Auckland • Since Nov 2006 • 22743 posts Report Reply

  • Lilith __,

    US citizens specifically "pledge allegiance to the flag", not merely to what the flag represents. While NZ soldiers have fought under our current flag, AFAIK it's understood as being a symbol, not an entity in itself.

    Maybe it's time for some Pete Seeger.

    Dunedin • Since Jul 2010 • 3887 posts Report Reply

  • Joe Wylie, in reply to George Darroch,

    The flag is not clothing, unless you're Australian.

    Fifteen years ago, during the first week of the Sydney olympics, I was waiting with the crowd on the ferry for the gangway to be put in place at the Manly wharf. Off to my left I noticed a middle-aged guy in full tourist kit, Akubra-style hat, souvenir t-shirt, bum bag, the whole bit.

    What caught my shocked attention was his face. The whole right side appeared to be a mass of hideous deep blue bruising, with patches painted with red mercurochrome. Whatever horrible thing had befallen him, how come he wasn't swathed in bandages like the Mummy? Then I noticed the white stars. He'd had himself face painted with the Australian flag.

    flat earth • Since Jan 2007 • 4591 posts Report Reply

  • Ian Dalziel, in reply to Joe Wylie,

    He’d had himself face painted with the Australian flag.

    Another star strangled banger?

    Christchurch • Since Dec 2006 • 7880 posts Report Reply

  • finetoothcolumn, in reply to Russell Brown,

    Hi Russell, thanks so much for the words on my article, as I enjoyed your take on the artistic merit. Valid point on London. I might add that I didn't think most supporters thought it was going to win, more that they wanted it to win, but can see how it might have come off like that. To me, the sheer margin of defeat - regardless of abstentions - indicates to me that in the end Red Peak didn't appeal either to the public at large or as an alternative to those who didn't like the Lockwoods. Though right it did have the greatest public visibility through media, viral memes, and the proliferation of flag merchandise, in this regard Red Peak appeared to have more in common with a funky shower curtain or fridge magnet from Iko Iko than a flag so can see why it wasn't to everyones taste. I strongly agree with your point about NZ's history of original, artistic design output - with Red Peak being a good example. The decision making process (?) of the Flag Consideration Panel clearly did a disservice to artistic consideration and hopefully a future panel under another government would be empowered with a bolder mandate, vision, and process.

    London • Since Dec 2015 • 1 posts Report Reply

  • izogi,

    Of these, 1,204,993 chose a fern as first preference. That is 78.9% – a massive majority.

    Are there any reasons to prevent the Electoral Commission from releasing the complete voting configuration for all ballot papers, instead of just the count summary? The ballot papers themselves get destroyed, but the data from them probably went into a counting system.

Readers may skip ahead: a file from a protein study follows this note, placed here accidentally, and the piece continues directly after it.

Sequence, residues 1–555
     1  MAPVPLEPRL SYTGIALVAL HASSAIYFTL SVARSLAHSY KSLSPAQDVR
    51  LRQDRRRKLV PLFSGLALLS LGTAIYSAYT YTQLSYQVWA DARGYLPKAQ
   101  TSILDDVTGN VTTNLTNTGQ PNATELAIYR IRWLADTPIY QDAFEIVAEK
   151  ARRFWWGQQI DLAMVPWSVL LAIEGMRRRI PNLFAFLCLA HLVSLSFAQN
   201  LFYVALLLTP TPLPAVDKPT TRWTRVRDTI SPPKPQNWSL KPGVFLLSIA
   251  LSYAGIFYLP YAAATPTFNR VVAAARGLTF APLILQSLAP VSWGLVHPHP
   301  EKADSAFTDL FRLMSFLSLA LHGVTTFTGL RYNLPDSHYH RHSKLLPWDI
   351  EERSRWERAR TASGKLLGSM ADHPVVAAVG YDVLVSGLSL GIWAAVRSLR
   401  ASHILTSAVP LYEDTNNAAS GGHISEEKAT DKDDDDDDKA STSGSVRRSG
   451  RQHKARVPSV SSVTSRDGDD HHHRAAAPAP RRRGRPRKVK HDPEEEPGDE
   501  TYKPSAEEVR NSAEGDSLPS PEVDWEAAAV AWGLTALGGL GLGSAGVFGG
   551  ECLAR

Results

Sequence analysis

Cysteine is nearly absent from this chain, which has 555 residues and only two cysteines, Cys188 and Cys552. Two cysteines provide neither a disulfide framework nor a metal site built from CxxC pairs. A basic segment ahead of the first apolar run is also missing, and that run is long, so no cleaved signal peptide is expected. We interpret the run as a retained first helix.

There's a presumption by many that everyone who liked either Lockwood design preferred the other straight after. Yeah, probably, but I'm curious to see if this is true instead of just declaring that it's true without actual evidence. The nature of how the count works means that the result summary doesn't show what those 1.1 million people's second preference was.

    Wellington • Since Jan 2007 • 1139 posts Report Reply

  • Paul Campbell,

    The number of possible combinations 12345 vs 12354 vs …. 54321 is quite small (5! = 120) maybe half as many again for people who chose less than all 5 – Elections NZ could easily release the number who voted for each possible combination without giving up any information about voter identity

    Dunedin • Since Nov 2006 • 2605 posts Report Reply

  • izogi, in reply to Paul Campbell,

    Even then, that’s only an abbrieviated (and conveniently lossless) method of simply publishing every vote. If there were more options and an order of magnitude more combinations, there are still no more than a few million votes in total. A file or spreadsheet with a few million lines to indicate the combinations of each vote is not a massive undertaking for any random person to process in this day and age.

    From memory the Electoral Commission sometimes doesn’t publish election count details from polling places with very small turnout if there’s a concern that it might let a person with their vote be identified. Fair enough, but is there any real risk that a particular preference combination out of 1m+ in a postal ballot could be traced back to a specific individual?

    Wellington • Since Jan 2007 • 1139 posts Report Reply

  • Rich of Observationz,

    Google will give you the answers you seek, the process is in statute:
    http://www.legislation.govt.nz/act/public/2015/0066/latest/DLM6405391.html.

    Unused preferences are not analysed and hence not recorded - obviously doing so would take time and not affect the actual result. The same process is used for other STV elections.

    You could have made a submission advocating that additional analysis was done and published when the bill went to Select Committee.

    Back in Wellington • Since Nov 2006 • 5550 posts Report Reply

  • izogi, in reply to Rich of Observationz,

    Oh, were they counted manually, then? Somehow I'd imagined that there would be a digital scanning process with any ambiguous ballot papers then being diverted to a real person.

    Wellington • Since Jan 2007 • 1139 posts Report Reply

  • Rich of Observationz, in reply to izogi,

    I'm not sure - it would seem hard to have done a manual count in the time available.

    So maybe they could analyse unused preferences at no real cost. But it's not legislated for - I'm not sure if that would make it illegal for the Commission to perform that analysis - my guess, given the prescriptive nature of the process is that it would.

    Back in Wellington • Since Nov 2006 • 5550 posts Report Reply